There Are No Such Thing As Bad Nerves
Where To Look?
There is nothing more intimidating than standing up on stage in front of a group of strangers, with their blank faces peering up at you watching your every movement, waiting for you to entertain them. The first place your nerves will tell you to look is down at your feet, or stare intently at your instrument. However an audience can always tell if a performer is nervous if they are staring at their feet, and without eye contact people will lose interest.
A neat trick to make your audience think that you are looking at them is to find a point at the back of the venue just above the audiences heads and look at it as you perform. You then don’t have to feel intimidated by looking the audience in the eye, and they will think you are looking at someone at the back of the room, the stage lights will also give you that charming dreamy glint in your eye.
What Were You Thinking?!
The reason a lot of people crack on stage when performing live is the added pressure of being watched by an audience. This is because the performer is concentrating so much on what the audience are thinking, that it takes up a high percentage of their thought process and they forget what they are doing. Most of us are bad at multitasking as it is, let alone when you are performing a complex piece of music and worrying about whether the person in the third row thinks your hair looks good or not.
To counter act this try focusing your mind on the task in hand:
•Think about how the notes sound; is the tone good? Is it too quiet or too loud?
•Are you grooving with the other band members?
•How is your form and technique?
•What section is next?
Do Not Fall Back On Liquid Courage
How many times have you heard people say that they can sing better when they are drunk? A lot of people think that they are better singers when they are drunk, just like a lot of drunk people think they can walk in a straight line when a policemen asks them to. However the reality is often quite different. Excessive drinking of alcohol can severely diminish your musical skills, balance and ability to hold down your dinner.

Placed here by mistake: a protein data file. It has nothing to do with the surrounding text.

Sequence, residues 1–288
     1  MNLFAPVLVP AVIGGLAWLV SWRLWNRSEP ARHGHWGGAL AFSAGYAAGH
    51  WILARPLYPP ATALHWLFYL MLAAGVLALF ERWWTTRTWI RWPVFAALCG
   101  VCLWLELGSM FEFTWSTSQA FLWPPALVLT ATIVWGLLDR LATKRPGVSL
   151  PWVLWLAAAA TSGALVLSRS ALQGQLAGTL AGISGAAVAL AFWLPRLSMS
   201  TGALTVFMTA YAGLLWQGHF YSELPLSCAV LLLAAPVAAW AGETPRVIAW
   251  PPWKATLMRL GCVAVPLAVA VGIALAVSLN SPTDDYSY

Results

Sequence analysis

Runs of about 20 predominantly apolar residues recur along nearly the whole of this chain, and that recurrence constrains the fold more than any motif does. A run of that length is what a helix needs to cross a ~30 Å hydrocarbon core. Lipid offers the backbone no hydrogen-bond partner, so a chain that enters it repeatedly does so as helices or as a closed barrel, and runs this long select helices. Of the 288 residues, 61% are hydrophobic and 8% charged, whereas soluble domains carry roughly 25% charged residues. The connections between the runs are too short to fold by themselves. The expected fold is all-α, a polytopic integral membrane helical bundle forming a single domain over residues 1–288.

That being said it has been reported that a little bit of alcohol can calm the nerves, so if you have to drink, don’t have more than half a pint! A lot of famous artists have messed up live on stage, due to drinking too much before hand. Eric Clapton once played a whole gig lying down on his back as he was too drunk to stand.
It has been proven that controlled breathing helps your body relax and your mind focus. As you get on stage and you feel the fear kick in, just try 3 deep breaths, breathing in deeply through your nose for 5 seconds and then exhale through the mouth for the same amount of time, try this 3 times and you’ll be amazed how much calmer and in control you’ll feel.
Accept That It Is Ok To Fail
If you are scared of failing and that is all you are thinking about, you will probably fail. Accept that it is ok to fail, get comfortable with it, in the grand scheme of things it does not matter. A little bit of a punk rock attitude doesn’t hurt here; having the mindset of “I don’t give a damn what you think, I am going to do my thing and if you like it or not it doesn’t matter to me”. Applying this mindset will help you no end.
Learn From The Best
Some of the worlds best entertainers have excellent techniques for beating nerves, just watch and observe them and we’re sure you’ll pick up some of their tricks.
If you do suffer from stage fright we would thoroughly recommend that you try out some of the above technqiues. We hope you have enjoyed reading the blog, stay tuned for more 'Musician Series' blogs on other music industry topics, if you have any questions feel free to get in touch with us on our Twitter or Facebook.